Court of Appeals denies former Limestone Co. Sheriff’s request to move case back to Circuit Court
LIMESTONE CO., Ala. (WAFF) - The Alabama Court of Criminal Appeals denied former Limestone County Sheriff Michael Blakely’s request to restore partial jurisdiction in his case back to circuit court. Blakely’s attorneys say this needed to happen so a ruling could be made on whether the judge who oversaw his theft conviction could be dismissed.
The Alabama Court of Criminal Appeals issued the order preventing the case from being sent back to Circuit Court on September 13th.
Attorney Robert Tuten, who represents Blakely, said he wasn’t very surprised by the order keeping the case fully under the Alabama Court of Criminal Appeals. He said depending on how the court of criminal appeals rules on Blakely’s full appeal, his team of lawyers could revisit the request to have Judge Pamela Baschab recused.
In court documents filed on August 31, attorneys for former Limestone County Sheriff Michael Blakely requested the recusal of Judge Pamela Baschab. On Aug. 25, the State of Alabama argued the Circuit Court of Limestone County does not have the authority to hear the request. They argued this because Blakely had already appealed the conviction, giving jurisdiction to the Alabama Court of Criminal Appeals.
Blakely’s request included an undated screenshot image of a search (said to have been researched in August 2022) for Judge Baschab on alabar.org. In that image, it shows that Judge Baschab is not authorized to practice law in the state of Alabama.
The document states that the reason for the recusal is not focused on the bias of Judge Baschab, but is focused on ‘whether a reasonable person perceives potential bias or lack of impartiality.’ The document closes out with a request of recusal for Judge Baschab from presiding over any other proceedings in the case.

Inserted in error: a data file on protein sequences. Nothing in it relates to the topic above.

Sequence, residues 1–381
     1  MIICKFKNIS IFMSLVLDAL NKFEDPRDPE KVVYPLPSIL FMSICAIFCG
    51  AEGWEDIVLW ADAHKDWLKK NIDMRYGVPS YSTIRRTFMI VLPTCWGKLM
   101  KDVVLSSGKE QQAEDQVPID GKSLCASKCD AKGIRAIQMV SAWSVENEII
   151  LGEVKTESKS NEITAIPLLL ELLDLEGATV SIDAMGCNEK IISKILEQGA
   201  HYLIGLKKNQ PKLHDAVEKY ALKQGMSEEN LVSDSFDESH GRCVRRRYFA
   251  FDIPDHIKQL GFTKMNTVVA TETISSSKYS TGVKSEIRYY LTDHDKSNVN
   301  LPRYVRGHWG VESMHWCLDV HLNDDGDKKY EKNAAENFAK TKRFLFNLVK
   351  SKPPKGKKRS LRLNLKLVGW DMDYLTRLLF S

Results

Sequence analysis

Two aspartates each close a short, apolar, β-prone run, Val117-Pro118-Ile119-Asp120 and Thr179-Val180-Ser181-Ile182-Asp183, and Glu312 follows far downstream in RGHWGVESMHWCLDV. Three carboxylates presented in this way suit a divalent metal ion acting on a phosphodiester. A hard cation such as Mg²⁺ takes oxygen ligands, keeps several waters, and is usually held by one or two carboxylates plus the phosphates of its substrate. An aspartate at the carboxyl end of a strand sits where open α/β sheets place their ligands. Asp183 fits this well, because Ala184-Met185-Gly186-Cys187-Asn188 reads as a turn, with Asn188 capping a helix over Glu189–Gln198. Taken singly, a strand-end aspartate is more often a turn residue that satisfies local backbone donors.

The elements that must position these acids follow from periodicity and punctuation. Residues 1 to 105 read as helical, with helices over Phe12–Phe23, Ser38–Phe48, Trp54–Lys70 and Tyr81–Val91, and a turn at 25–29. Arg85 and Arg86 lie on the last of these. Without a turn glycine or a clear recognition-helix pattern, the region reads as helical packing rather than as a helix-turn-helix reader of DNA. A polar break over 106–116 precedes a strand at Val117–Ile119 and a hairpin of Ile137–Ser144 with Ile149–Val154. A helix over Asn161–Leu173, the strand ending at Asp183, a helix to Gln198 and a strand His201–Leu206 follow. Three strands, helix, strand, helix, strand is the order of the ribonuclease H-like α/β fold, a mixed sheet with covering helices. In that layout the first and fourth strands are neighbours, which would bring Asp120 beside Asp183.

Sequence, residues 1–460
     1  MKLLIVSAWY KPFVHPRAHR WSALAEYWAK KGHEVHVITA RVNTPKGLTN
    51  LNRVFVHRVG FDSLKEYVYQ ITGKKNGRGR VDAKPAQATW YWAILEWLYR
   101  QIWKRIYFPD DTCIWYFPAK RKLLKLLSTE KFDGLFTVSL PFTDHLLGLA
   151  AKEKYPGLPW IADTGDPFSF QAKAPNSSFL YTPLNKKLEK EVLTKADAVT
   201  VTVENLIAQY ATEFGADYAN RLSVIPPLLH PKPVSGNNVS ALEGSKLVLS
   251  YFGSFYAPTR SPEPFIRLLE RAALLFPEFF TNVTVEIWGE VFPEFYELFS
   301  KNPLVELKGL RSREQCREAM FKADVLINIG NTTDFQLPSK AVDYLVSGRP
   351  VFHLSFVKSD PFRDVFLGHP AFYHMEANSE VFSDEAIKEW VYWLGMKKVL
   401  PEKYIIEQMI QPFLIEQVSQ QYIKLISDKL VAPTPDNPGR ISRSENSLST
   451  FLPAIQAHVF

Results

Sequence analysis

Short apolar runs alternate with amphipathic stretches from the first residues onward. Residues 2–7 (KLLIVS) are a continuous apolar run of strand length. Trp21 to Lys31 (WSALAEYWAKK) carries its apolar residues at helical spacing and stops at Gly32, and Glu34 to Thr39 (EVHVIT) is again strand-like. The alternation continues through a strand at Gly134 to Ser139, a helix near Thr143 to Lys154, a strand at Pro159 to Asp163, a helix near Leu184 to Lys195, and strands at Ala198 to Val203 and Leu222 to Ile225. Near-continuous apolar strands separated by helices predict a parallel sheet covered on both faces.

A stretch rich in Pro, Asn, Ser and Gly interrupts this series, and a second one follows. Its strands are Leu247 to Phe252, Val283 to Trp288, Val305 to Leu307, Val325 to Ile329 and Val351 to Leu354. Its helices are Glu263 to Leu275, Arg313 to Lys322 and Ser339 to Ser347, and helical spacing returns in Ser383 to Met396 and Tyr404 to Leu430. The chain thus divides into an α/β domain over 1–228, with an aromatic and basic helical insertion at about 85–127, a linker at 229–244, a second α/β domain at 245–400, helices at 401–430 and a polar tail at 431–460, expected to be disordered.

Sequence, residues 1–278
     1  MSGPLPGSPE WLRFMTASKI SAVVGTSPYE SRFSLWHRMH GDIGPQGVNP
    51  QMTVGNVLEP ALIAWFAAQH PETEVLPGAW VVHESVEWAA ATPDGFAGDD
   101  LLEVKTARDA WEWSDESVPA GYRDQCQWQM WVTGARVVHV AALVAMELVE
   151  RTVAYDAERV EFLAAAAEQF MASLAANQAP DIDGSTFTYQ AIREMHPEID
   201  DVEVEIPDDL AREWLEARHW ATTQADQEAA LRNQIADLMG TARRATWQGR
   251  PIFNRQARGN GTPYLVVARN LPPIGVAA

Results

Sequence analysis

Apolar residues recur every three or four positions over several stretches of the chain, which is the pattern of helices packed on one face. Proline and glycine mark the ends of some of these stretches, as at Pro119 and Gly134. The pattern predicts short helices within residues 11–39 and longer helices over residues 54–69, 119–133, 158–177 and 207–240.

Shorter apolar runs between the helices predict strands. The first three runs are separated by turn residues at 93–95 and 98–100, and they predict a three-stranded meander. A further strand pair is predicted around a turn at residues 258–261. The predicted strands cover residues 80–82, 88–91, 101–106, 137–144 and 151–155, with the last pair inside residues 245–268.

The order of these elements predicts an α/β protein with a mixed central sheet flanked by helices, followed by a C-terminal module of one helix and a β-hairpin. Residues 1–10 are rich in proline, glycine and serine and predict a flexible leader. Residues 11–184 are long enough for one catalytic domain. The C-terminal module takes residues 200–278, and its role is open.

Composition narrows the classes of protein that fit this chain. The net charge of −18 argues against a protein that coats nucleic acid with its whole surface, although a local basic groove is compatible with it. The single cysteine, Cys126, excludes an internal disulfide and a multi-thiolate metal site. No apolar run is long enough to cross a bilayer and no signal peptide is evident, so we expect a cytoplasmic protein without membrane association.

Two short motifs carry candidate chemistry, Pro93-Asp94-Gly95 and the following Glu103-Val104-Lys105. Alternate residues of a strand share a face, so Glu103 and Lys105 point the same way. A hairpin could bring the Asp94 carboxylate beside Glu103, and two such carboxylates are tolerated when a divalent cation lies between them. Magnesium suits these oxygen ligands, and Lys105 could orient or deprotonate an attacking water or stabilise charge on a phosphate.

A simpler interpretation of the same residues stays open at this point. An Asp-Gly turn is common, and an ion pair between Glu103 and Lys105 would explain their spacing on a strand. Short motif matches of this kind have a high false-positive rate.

The State issued the following response:
The State of Alabama respectfully notifies this Court that it lacks jurisdiction to consider Defendant Michael Anthony Blakely’s latest claims of error. It is a binding elementary principle of law that “when an appeal is taken and perfected from the judgment of any court to a higher court, the jurisdiction vests at once in the higher court and such appeal divests the court from which it is taken of all jurisdiction.”
Attorney General Steve Marshall issued the following statement regarding the request:
“Mike Blakely’s latest attempt to avoid serving his jail sentence is meritless. The trial against him was fair, and a jury of his peers correctly convicted him on two felonies. The Honorable Pamela Baschab flawlessly conducted that three-week trial, while also correctly addressing a multitude of pre-trial and post-trial issues. The State stands ready to vigorously defend the jury’s verdicts in any forum in which Mr. Blakely attempts to evade justice.” – Attorney General Steve Marshall
When Blakely was indicted in 2019, every Limestone County judge recused themselves from his case due to him being the county’s Sheriff for more than 30 years. In 2021, Judge Baschab was appointed to replace the Honorable Pride Tompkins, who recused himself due to the COVID-19 pandemic.
Blakely’s attorneys listed the Code of Alabama Section 12-10B-2(a) in the document which reads:
“All supreme court justices, judges of the appellate courts, circuit court judges, and district court judges must be licensed attorneys.”
In other documents filed, Blakely’s attorneys requested that his conviction and sentencing order be dismissed. The opening statement reads:
“...moves this Honorable Court to set aside the convictions in jury verdict Count 2 and jury verdict Count 13 and to set aside the Defendant’s sentencing order...”
Count 2 is listed as Theft of Property in the First Degree - Red Brick Strategies Check and Count 13 is listed as Use of Official Position or Office for Personal Gain - interest-free loans from safe/Limestone County inmates.
In court documents filed on Aug. 25, the defense stated that the Circuit Court has the authority to rule on its previous motion, to which the state objected. The defense also says the Circuit Court has the authority to rule on it because the conviction and sentence order should be voided.
The state objected this because the defense is already appealing, which means the Appellate Court has jurisdiction.
In August 2021, Blakely was sentenced to three years for allegedly stealing campaign donations, taking personal loans from Sheriff’s Office funds without paying interest and soliciting money from Sheriff’s Office employees.
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